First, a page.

Seminar Friday 12.02 at 11:00
Andres Maturana talks abouit scaffold proteins, splice variants and signaling
Title of his talk: Splice variants of the scaffold protein Enigma Homolog, differentially promote or prevent cardiac hypertrophy.
Time and place: Friday 12. February at 11.00 in seminar room 2, New Research Building, Institute for Cancer Research, Montebello.
Andres is working on cardiac hypertrophy and mainly uses rat model.
He has kindly accepted to combine a private visit with a scientific seminar.
His talk is of general interest for two reasons:
1) Scaffold proteins are most probably the main players in signal transduction specificity.
2) Here, the same gene produces two splice variants with opposite effects.
If you wish to discuss with Andres before or after his talk, just contact Sébastien Patzke 2278 1317).
Splice variants of the scaffold protein Enigma Homolog, differentially promote or prevent cardiac hypertrophy.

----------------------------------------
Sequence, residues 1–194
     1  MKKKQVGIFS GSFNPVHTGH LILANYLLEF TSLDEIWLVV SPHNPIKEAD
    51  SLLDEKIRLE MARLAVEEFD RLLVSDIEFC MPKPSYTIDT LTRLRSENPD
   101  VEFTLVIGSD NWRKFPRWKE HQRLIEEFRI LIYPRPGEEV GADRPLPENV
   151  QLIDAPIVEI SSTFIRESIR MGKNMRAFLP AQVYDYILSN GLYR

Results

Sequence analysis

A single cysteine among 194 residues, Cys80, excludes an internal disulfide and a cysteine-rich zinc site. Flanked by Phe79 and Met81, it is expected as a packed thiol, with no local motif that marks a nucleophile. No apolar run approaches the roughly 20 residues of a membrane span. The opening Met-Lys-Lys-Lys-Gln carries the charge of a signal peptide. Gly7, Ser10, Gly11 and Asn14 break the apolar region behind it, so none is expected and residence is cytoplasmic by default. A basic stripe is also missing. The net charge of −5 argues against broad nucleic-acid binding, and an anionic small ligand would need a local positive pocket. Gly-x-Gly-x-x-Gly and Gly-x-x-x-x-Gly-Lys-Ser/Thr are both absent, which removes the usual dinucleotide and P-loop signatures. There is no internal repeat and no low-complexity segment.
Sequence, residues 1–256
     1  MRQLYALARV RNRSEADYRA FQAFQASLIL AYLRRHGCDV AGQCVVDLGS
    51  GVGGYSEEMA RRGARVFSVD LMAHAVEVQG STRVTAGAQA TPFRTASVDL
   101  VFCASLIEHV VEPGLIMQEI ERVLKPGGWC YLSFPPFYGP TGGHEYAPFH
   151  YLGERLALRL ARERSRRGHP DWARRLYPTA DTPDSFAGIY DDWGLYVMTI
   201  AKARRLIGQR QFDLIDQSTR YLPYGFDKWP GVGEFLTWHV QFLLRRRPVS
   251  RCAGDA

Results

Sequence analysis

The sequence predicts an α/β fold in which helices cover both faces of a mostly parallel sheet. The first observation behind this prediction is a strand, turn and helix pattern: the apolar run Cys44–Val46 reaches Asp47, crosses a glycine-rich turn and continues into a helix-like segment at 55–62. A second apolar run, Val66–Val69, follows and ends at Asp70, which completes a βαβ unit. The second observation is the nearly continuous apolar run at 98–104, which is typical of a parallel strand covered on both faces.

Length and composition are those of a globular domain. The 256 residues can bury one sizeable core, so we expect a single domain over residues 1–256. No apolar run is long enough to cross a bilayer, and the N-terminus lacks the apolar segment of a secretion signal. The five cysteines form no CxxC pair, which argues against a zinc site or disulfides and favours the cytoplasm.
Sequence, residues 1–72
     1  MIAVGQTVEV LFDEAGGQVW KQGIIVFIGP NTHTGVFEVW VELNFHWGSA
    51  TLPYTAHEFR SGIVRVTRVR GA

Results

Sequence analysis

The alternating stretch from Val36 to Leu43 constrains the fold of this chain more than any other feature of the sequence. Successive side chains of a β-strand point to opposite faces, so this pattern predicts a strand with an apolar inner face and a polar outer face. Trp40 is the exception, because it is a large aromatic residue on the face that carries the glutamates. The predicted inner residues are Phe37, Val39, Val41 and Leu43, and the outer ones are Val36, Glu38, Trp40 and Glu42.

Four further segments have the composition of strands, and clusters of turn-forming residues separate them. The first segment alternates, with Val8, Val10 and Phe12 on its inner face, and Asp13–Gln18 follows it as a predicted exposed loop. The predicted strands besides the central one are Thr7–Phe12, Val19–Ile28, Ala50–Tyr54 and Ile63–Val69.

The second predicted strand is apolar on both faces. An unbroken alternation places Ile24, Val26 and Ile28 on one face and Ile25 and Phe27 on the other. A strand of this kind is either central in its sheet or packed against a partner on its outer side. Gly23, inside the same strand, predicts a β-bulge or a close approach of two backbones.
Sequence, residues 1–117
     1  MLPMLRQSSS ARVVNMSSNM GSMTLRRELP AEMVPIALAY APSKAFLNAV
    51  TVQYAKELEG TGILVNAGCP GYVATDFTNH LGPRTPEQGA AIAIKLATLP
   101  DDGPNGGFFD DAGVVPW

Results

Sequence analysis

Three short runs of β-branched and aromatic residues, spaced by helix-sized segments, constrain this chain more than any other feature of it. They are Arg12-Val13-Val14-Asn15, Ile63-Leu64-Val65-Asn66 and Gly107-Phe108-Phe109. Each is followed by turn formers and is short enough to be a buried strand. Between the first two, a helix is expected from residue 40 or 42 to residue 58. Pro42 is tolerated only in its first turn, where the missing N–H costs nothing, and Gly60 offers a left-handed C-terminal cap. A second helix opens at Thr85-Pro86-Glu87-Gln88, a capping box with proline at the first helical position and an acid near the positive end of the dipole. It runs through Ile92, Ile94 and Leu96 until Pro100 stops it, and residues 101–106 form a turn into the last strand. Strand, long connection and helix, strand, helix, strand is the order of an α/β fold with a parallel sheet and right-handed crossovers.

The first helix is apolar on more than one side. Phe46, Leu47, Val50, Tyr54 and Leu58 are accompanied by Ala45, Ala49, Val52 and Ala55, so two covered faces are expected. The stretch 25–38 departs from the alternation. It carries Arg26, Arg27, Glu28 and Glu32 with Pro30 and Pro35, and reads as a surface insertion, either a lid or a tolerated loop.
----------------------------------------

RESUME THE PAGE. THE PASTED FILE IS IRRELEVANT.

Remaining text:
Proteins with a PDZ and one to three LIM domains (PDZ-LIM proteins) are scaffolding sarcomeric and cytoskeletal elements to form structured muscle fibers and provide for the link to intracellular signaling by selectively associating protein kinases, ion channels and transcription factors with the mechanical stress-strain sensors. More than 10 genes encode PDZ-LIM proteins which are further diversified by alternative splicing. Enigma homolog (ENH) is a PDZ-LIM protein with four splice variants: ENH1 with a N-terminal PDZ domain and three C-terminal LIM domains, and ENH2, ENH3 and ENH4 without LIM domains. ENH1 was first discovered as a PKCb interacting partner but its biological function was so far poorly understood. Recently, we identified two new binding partners for ENH1 in cardiomyocytes, namely protein kinase D1, which plays a critical role in the cardiovascular system and a1C, the pore sub-unit of the L-type calcium channel. Thus ENH1 connects a major signaling pathway with calcium entry required to sustain contractile activity. To address the functional role of alternative splicing of ENH, we have studied the expression of the four ENH isoforms in the heart during development and in a mouse model of heart hypertrophy. All four isoforms are expressed in the heart but the pattern of expression is clearly different between embryonic, neonatal and adult stages. ENH1 appears as the embryonic isoform, whereas ENH2, ENH3 and ENH4 are predominant in adult heart. Moreover, alternative splicing of ENH was changed following induction of heart hypertrophy producing an ENH isoform pattern similar to neonatal heart. As this change occurred early, we tested a possible causal role of ENH1 and ENH4 in the development of cardiac hypertrophy. When over-expressed in neonatal cardiomyocytes, ENH1 was found to promote the expression of hypertrophy markers and increase cell size, whereas, on the contrary, over-expression of ENH4 prevented these changes. Thus, antagonistic splice variants of ENH may play a central role in the adaptive changes of the link between mechanical stress-sensing and signaling occurring during embryonic development and/or heart hypertrophy.